The plan of Fiat-Chrysler chief executive Sergio Marchionne to merge the two carmakers might entail moving the Italian carmaker’s primary listing to New York as early as 2015 once the merger is completed, two sources privy with the company told Reuters. Chrysler accounted for over half of the Fiat Group’s revenues in the first half, allowing the Italian carmaker to post a EUR435 million profit instead of a EUR501 million ($690 million) loss, according to 2013 estimates from IHS Automotive.
Moving the listing from Italy to the United States would help Marchionne distance himself from the struggles in Europe, where thousands of Fiat's Italian employees are on state-backed temporary lay-off schemes. The move would also highlight Fiat’s growth in the US as well as help convince a larger number of investors that the merged company can compete against larger rivals General Motors and Ford Motor Co.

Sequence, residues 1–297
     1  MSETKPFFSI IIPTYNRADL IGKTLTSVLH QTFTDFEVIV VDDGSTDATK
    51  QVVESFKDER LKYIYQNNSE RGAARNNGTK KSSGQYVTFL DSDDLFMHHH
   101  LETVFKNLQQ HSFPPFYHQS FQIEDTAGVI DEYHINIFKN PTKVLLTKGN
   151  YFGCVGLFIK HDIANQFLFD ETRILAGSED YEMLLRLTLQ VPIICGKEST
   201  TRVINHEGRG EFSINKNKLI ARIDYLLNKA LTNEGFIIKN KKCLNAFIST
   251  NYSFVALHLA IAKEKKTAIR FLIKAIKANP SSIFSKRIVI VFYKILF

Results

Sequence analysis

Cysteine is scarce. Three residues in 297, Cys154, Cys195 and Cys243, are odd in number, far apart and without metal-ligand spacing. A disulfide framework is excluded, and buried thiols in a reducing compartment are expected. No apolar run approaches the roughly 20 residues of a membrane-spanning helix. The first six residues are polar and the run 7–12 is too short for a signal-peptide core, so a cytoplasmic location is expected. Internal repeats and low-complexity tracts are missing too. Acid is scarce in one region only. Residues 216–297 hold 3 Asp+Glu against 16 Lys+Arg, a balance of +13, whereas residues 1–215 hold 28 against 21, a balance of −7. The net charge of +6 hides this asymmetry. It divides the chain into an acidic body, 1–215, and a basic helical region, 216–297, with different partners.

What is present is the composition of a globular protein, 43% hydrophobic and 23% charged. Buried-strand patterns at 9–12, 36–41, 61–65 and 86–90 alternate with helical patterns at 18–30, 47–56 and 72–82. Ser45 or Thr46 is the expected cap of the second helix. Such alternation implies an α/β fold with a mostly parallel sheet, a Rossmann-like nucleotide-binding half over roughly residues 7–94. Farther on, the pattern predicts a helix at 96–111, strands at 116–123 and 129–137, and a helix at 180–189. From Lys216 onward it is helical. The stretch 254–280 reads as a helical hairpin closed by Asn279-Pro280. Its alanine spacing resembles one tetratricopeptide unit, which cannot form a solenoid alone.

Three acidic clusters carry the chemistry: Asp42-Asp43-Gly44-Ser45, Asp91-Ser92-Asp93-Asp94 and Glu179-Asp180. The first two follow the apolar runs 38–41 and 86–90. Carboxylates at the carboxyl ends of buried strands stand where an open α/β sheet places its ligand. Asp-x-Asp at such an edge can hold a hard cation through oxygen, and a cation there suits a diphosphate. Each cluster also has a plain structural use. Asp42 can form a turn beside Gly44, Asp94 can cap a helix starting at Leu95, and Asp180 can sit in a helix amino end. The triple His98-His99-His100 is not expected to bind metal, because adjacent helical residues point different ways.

"With a US listing, the whole investment story and the way in which people think about this company may change," International Strategy and Investment analyst George Galliers told Reuters. He noted that people currently think of Fiat as a weak European player with a good exposure to South America as well as to North America via Chrysler.
He added that once Fiat is listed in the US, people will think of the carmaker in the same “context as they do Ford and GM." Luciano Gallino, a sociologist who specializes in labor market changes, was quoted by ANSA news agency as saying that while Turin, Italy has been Fiat’s headquarters for 115 years, "the brain and muscles” are in the US. [source: Reuters]